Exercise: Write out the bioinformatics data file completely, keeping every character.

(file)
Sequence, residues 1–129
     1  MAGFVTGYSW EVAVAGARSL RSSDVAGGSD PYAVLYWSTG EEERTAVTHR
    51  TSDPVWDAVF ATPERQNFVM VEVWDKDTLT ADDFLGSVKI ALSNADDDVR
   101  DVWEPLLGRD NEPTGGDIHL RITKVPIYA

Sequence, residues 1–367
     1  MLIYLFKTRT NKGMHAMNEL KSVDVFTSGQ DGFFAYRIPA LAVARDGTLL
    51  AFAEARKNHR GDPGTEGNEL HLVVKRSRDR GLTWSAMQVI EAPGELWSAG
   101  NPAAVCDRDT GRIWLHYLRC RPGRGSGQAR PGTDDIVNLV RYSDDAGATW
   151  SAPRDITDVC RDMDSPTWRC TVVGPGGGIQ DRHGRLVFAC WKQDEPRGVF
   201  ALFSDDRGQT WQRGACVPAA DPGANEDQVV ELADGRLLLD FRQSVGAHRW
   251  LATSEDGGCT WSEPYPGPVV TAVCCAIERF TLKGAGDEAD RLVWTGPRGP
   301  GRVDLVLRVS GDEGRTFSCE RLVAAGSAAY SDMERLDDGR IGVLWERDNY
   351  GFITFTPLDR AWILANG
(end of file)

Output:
Sequence, residues 1–129
     1  MAGFVTGYSW EVAVAGARSL RSSDVAGGSD PYAVLYWSTG EEERTAVTHR
    51  TSDPVWDAVF ATPERQNFVM VEVWDKDTLT ADDFLGSVKI ALSNADDDVR
   101  DVWEPLLGRD NEPTGGDIHL RITKVPIYA

Sequence, residues 1–367
     1  MLIYLFKTRT NKGMHAMNEL KSVDVFTSGQ DGFFAYRIPA LAVARDGTLL
    51  AFAEARKNHR GDPGTEGNEL HLVVKRSRDR GLTWSAMQVI EAPGELWSAG
   101  NPAAVCDRDT GRIWLHYLRC RPGRGSGQAR PGTDDIVNLV RYSDDAGATW
   151  SAPRDITDVC RDMDSPTWRC TVVGPGGGIQ DRHGRLVFAC WKQDEPRGVF
   201  ALFSDDRGQT WQRGACVPAA DPGANEDQVV ELADGRLLLD FRQSVGAHRW
   251  LATSEDGGCT WSEPYPGPVV TAVCCAIERF TLKGAGDEAD RLVWTGPRGP
   301  GRVDLVLRVS GDEGRTFSCE RLVAAGSAAY SDMERLDDGR IGVLWERDNY
   351  GFITFTPLDR AWILANG